Stamp Duty Holiday Extension?
The stamp duty holiday for property buyers is set to end on 31st March 2021 unless the chancellor, Rishi Sunak decides to extend in his 3rd March 2021 budget.
If the holiday isn’t extended, anyone buying a property valued between £125,000 and £500,000 will have to pay stamp duty tax from 1st April 2021. Landlords and homebuyers will be keeping a keen eye on this budget…
Estimates suggest that as many as 300,000 sales could fall through because the stamp duty holiday may expire, but there’s no way of knowing yet how accurate that prediction will be.
Its is rumoured that Rishi Sunak may extend the March 31 deadline by six weeks to mid-May, to avoid tens of thousands of fall throughs and what it calls a “completion trap”!
Zoopla predicts that there will be a sudden drop-off in sales, with an expectation of 20% fewer transactions between April and June compared with the first three months of the year.
Current Stamp Duty Rates
For properties purchased up-to £500,000 and completed before 31st March 2021, no stamp duty tax is paid.
From £500,0001 to £925,000, buyers must pay 5 per cent to the government, rising to 10 per cent on the portion between £925,001 to £1.5 million. Above £1.5m, stamp duty is 12 per cent.
For example, if you bought a house for £615,000 next month, you would pay nothing on the first half a million pounds and then 5 per cent on the remaining £115,000, which is £5,750.
The introduction of the stamp duty holiday has caused the property market to go into overdrive with many landlords, first time buyers and other home owners taking advantage the effective property discount.
On the flip side this mass activity has caused the property prices to become inflated access the country even during these stringent lockdowns…
There were signs the growth has slowed in the latest figures with annual growth in average sold prices falling to 6.4 per cent in January.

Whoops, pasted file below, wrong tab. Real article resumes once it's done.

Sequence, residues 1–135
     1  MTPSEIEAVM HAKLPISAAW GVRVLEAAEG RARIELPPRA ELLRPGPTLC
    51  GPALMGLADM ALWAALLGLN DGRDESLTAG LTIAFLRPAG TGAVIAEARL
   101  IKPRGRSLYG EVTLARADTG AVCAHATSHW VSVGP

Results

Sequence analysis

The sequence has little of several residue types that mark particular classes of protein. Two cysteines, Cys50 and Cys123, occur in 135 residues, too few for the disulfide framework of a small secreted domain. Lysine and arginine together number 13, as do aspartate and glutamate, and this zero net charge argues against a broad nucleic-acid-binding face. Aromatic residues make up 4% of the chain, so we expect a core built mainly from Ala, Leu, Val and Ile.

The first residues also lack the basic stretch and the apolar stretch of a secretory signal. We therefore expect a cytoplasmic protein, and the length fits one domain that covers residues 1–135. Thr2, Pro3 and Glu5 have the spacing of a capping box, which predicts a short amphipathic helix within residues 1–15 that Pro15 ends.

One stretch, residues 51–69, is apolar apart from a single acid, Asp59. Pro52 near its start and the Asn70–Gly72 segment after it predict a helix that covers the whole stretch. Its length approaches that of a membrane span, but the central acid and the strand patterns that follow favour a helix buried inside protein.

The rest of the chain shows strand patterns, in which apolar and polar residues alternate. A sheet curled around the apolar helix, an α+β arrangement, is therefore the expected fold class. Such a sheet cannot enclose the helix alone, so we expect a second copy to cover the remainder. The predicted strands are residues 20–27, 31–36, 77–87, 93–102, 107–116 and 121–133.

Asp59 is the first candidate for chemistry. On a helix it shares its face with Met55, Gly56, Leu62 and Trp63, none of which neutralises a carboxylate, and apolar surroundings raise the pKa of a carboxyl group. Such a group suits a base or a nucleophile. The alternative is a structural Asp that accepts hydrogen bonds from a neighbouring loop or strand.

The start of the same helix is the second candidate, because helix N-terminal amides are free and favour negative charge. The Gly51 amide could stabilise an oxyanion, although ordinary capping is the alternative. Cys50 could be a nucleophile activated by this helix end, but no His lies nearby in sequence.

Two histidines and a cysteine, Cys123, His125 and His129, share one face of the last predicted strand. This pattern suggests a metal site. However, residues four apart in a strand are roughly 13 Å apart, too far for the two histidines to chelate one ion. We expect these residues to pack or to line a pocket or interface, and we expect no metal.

Future Stamp Duty Rates
Unless otherwise stated the stamp duty rates will return to those before holiday was introduced on 8th July 2020:
- Up to £125,000 – no stamp duty
- From £125,001 to £250,000 – 2 per cent
- £250,001 to £925,000 – 5 per cent
- £925,001 to £1.5 million – 10 per cent
- Above £1.5 million – 12 per cent
As before, each of the rates only applies to the portion of the value that is within that band. For example, if you buy a house in April 2021 for £325,000 you will pay:
- Nothing on the first £125,000
- 2 per cent on the next £125,000 = £2,500
- 5 per cent on the final £75,000 = £3,750
- Total tax of £6,250
First-time buyers in England, Wales and Northern Ireland do not pay stamp duty on purchases up to £300,000. The changes, if they go ahead, will most affect people buying a property for between £125,000 and £500,000. With the average sale price at £250,000, a lot of buyers will face additional costs. Sales that are not already underway are unlikely to be completed before the deadline.
The tax cut has caused house prices to rise, meaning that the overall cost of a property (purchase price plus stamp duty) may in many cases be approximately the same while the government has been deprived of billions of pounds of revenue. It is possible that re-introduction of the tax will help to relax the overinflated housing market.
A stamp duty holiday also benefits those who don’t need the assistance, namely the relatively well-off homeowners when the pandemic has disproportionately hurt lower-income households, particularly private renters.
If the stamp duty holiday isn’t extended or current transactions that started prior to 31st March 2021 aren’t honoured the stamp duty holiday many transactions could end up falling through! With the economy in its current state the government will be keen to avoid the property completion trap!
What are your thoughts on the possible stamp duty holiday extension and its affect on house prices? Comment below…